Well. Not the details. But we do find out that more calls are coming because the scene ends with the cursor scrolling down a list of folders to play the next relevant piece. This is no longer a high-stakes thriller, it’s a debriefing. Bekmambetov hasn’t recreated what Érelle went through for us to understand the danger. He’s recreated it so that he can pick and choose what’s relevant as a “greatest hits” compilation culled together after the fact. Why then must it be “Screenlife”? If we’re not getting context in-film, why not make a documentary with voice-over narration to let us know what these reenactments mean? Tell us how Amy is feeling. Tell us about her struggle to separate reality from fiction. Don’t assume it’s implicit.

Why? Because it’s not. The first “call” shows how Amy clearly separates her life (with Morgan Watkins‘ Matt as her boyfriend and Emma Cater‘s Kathy as her BFF) from her job. The conversation with Bilel is a con. She’s a broke investigative journalist winning over her mark by telling him what he wants to hear in order for him to involuntarily reveal the process ISIS uses to recruit European teens to their ranks. But then the next “call” is labeled to show how it took place days later with dynamics that have completely changed. Is it part of the ruse? Is she so comfortable with Bilel that we can’t tell she’s acting? Or has he been telling her what she wants to hear before ultimately turning the tables?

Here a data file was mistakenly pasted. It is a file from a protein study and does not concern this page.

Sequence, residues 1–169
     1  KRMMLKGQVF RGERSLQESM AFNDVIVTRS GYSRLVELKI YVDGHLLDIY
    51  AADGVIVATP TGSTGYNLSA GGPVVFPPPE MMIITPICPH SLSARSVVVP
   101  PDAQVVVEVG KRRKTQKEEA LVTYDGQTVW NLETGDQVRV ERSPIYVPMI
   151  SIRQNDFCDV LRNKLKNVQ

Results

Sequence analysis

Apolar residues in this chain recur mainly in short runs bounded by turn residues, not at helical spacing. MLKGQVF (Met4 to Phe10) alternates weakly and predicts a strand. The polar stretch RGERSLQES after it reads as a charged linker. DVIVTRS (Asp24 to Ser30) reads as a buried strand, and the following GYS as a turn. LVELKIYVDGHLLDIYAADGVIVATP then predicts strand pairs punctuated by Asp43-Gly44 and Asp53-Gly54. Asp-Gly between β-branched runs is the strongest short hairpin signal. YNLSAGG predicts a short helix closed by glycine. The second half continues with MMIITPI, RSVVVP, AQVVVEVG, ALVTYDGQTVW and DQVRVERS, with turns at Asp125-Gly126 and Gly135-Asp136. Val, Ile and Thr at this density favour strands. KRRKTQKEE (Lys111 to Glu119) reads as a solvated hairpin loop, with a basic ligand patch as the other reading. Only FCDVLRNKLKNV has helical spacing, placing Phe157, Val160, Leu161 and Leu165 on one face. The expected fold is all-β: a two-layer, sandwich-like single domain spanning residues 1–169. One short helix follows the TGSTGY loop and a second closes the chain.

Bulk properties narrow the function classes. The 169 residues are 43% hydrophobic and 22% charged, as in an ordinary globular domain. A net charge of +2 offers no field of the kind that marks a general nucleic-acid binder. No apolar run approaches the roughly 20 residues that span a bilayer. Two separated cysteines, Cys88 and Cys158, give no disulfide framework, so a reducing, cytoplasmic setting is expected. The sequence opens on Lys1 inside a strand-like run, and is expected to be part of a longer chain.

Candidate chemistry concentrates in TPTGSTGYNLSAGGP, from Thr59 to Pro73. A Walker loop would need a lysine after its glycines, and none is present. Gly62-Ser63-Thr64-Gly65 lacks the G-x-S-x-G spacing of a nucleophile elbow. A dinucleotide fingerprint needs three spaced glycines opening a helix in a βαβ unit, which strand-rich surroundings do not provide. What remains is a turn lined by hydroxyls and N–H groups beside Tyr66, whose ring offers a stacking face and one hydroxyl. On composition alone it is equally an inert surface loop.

I’d like to say that this question lingers with Bekmambetov embracing the gray areas of what transpires, but that would be a lie. We know what’s happened and everything we witness corroborates it in an almost mechanically proficient way. Subtlety gets erased in an instant and we’re left watching as objective viewers rather than subjective voyeurs. The gimmick only succeeds if we’re able to live in the moment and fear what comes next right alongside the person we’re watching. But if her story is merely unfolding in a matter-of-fact way with the knowledge that we’re either working towards her indoctrination (and death) or her escape (and publishing), it’s all just a façade rendering that fear inert. Our attention isn’t about worry. It’s solely about detached curiosity.

I had the same problem with Searching, but at least that occurred in real-time. I didn’t see a list of folders telling me each chapter was a stepping-stone and therefore lacking authentic peril. Profile looks good and understands the technology’s capabilities (Érelle used these programs and thus detailed their strengths), but it’s all mime work. It’s “telling” rather than “showing” even though the format has been pretending that “showing” is baked into its DNA. And that’s not good enough when we’re asked to believe Amy’s life is falling apart before our eyes. If we can’t experience that descent ourselves (courtesy of chunks of days being excised for brevity), we’re forced to take it on faith. Or we can buy the book and make this one very expensive advertisement.


photography:
[1] Valene Kane stars as Amy in Timur Bekmambetov’s PROFILE, a Focus Features release. Credit: Courtesy of BEZELEVS and Focus Features
[2] Valene Kane stars as Amy and Shazad Latif as Abu Bilel Al-Britani in Timur Bekmambetov’s PROFILE, a Focus Features release. Credit: Courtesy of BEZELEVS and Focus Features
[3] Valene Kane stars as Amy in Timur Bekmambetov’s PROFILE, a Focus Features release. Credit: Courtesy of BEZELEVS and Focus Features